Walker and Cooper suggest Venezuela draft a new bankruptcy law that would stand up in US and other foreign courts, so negotiations can run through Caracas, but rightly doubt that any such law could be passed under the current fractured state of Venezuelan politics. Maduro would pass a law through the recently-elected National Constituent Assembly, a rubber stamp body Maduro created to bypass the opposition-controlled National Assembly. The Constituent Assembly lacks legitimacy both in Venezuela and with the international community.
Then there's the question of the International Monetary Fund. Unless Russia or China plan to step in with a massive cash injection, the IMF is the only international financial institution capable of mobilising the scale of resources Venezuela will need to keep bondholders on side while starting to right the economy. Venezuela would need tens of billions of dollars in assistance over the coming years. In exchange, however, the IMF and other lenders would demand sweeping economic reforms that would hit at the heart of Chavista's economic model, and which Maduro has shown no interest in implementing. Nor is Maduro likely to welcome the IMF, having all but cut ties with it since taking power. It was notable that the day after Maduro's announcement, the IMF threatened to censure Venezuela for failing to supply it with regular economic data.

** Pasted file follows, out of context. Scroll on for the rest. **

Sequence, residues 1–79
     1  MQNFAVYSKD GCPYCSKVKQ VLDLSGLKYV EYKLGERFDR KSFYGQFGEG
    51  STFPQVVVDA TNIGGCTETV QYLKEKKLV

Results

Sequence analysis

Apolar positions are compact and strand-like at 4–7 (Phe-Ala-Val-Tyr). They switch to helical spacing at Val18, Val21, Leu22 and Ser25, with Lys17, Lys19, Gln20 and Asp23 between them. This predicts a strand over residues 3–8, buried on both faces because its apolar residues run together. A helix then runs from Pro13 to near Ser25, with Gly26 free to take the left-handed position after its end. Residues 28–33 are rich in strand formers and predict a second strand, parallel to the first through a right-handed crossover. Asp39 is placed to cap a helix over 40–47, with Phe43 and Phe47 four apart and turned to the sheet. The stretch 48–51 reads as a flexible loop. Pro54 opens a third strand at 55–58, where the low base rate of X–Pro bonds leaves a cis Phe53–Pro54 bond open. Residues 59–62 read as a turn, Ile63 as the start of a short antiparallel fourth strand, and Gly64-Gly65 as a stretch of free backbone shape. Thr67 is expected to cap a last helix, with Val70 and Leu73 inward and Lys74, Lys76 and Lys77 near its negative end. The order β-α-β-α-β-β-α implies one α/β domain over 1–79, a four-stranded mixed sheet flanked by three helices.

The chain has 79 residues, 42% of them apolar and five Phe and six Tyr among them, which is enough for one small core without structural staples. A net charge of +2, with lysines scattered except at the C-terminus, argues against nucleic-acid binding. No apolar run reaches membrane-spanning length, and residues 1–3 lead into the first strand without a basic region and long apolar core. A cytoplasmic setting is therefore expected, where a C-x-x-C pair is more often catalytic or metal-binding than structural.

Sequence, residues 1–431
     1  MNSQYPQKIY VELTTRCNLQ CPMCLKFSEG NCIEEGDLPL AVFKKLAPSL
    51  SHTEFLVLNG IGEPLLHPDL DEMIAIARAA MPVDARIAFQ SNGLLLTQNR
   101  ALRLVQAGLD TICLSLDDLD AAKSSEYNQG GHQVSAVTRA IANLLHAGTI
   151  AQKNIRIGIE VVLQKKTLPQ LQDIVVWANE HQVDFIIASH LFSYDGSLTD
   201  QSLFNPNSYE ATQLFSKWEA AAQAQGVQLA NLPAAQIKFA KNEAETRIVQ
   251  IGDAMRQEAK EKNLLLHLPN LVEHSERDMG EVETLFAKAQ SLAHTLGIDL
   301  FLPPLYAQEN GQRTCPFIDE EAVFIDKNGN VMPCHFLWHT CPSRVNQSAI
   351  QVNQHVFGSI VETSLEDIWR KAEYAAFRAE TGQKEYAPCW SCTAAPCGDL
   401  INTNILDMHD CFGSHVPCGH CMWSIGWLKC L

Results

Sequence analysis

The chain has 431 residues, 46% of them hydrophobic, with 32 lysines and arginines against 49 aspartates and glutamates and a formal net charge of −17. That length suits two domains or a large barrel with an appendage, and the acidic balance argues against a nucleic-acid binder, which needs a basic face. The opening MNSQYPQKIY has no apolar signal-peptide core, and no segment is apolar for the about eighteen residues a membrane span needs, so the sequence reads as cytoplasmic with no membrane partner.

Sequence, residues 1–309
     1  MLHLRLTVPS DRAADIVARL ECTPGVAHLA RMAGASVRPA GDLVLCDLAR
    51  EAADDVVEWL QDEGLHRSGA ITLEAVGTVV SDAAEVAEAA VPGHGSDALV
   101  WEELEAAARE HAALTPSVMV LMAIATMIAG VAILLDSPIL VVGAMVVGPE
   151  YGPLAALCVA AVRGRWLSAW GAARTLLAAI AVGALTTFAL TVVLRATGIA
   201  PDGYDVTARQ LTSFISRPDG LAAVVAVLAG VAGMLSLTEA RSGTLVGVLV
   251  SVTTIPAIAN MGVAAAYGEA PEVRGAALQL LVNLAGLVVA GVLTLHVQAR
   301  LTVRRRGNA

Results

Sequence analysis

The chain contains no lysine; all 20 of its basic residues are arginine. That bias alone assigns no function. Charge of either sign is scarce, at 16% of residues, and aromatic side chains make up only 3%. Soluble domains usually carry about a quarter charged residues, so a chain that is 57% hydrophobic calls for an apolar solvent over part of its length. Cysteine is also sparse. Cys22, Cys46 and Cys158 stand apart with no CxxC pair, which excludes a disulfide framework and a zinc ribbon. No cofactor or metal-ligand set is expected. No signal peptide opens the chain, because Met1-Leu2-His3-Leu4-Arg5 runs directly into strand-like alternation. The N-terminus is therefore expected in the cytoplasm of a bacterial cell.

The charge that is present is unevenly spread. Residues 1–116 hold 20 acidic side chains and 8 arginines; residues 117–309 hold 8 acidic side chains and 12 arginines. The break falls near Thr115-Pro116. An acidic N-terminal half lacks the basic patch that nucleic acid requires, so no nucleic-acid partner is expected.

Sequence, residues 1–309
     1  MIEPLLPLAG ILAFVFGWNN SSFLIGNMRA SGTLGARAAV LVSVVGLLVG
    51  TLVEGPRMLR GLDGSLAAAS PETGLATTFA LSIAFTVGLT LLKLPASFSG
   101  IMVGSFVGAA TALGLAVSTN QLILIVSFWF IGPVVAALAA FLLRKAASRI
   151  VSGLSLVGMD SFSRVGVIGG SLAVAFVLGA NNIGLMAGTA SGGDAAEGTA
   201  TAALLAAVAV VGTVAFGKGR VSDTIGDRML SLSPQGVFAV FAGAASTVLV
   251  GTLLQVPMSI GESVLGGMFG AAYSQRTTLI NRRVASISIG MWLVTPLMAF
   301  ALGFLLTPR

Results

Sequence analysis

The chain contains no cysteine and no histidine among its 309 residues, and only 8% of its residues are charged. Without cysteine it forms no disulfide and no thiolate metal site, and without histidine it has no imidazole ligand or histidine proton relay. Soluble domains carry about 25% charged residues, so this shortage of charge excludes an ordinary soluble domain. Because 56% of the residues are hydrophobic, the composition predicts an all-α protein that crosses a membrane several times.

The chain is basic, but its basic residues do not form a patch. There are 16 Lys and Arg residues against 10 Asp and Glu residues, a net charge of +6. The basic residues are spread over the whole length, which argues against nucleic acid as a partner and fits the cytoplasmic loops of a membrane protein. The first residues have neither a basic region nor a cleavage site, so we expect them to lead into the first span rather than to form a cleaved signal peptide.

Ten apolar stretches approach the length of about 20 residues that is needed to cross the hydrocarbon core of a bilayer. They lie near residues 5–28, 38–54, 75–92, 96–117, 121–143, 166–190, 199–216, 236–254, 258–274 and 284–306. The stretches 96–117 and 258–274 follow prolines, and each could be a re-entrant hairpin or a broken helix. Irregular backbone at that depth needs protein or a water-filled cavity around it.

In short, a restructuring negotiation would be extremely difficult and costly, even under the best of circumstances. But the conditions in Venezuela will make it all but impossible. Markets need to gird themselves for a messy Venezuela default.